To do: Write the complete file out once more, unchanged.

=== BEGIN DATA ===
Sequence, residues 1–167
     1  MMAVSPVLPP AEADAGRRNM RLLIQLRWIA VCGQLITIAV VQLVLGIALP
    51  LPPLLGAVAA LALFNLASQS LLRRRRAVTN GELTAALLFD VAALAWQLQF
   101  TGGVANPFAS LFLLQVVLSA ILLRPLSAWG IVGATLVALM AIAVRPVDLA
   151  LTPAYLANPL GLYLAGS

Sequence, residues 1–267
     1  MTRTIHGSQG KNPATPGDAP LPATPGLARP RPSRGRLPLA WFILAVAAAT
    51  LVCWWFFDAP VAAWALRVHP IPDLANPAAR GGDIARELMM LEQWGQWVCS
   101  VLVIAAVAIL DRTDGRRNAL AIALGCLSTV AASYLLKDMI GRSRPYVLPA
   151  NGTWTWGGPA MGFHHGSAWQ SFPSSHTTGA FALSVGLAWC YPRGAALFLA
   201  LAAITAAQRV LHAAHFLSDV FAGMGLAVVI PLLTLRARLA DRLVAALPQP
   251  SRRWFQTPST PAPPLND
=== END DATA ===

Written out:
Sequence, residues 1–167
     1  MMAVSPVLPP AEADAGRRNM RLLIQLRWIA VCGQLITIAV VQLVLGIALP
    51  LPPLLGAVAA LALFNLASQS LLRRRRAVTN GELTAALLFD VAALAWQLQF
   101  TGGVANPFAS LFLLQVVLSA ILLRPLSAWG IVGATLVALM AIAVRPVDLA
   151  LTPAYLANPL GLYLAGS

Sequence, residues 1–267
     1  MTRTIHGSQG KNPATPGDAP LPATPGLARP RPSRGRLPLA WFILAVAAAT
    51  LVCWWFFDAP VAAWALRVHP IPDLANPAAR GGDIARELMM LEQWGQWVCS
   101  VLVIAAVAIL DRTDGRRNAL AIALGCLSTV AASYLLKDMI GRSRPYVLPA
   151  NGTWTWGGPA MGFHHGSAWQ SFPSSHTTGA FALSVGLAWC YPRGAALFLA
   201  LAAITAAQRV LHAAHFLSDV FAGMGLAVVI PLLTLRARLA DRLVAALPQP
   251  SRRWFQTPST PAPPLND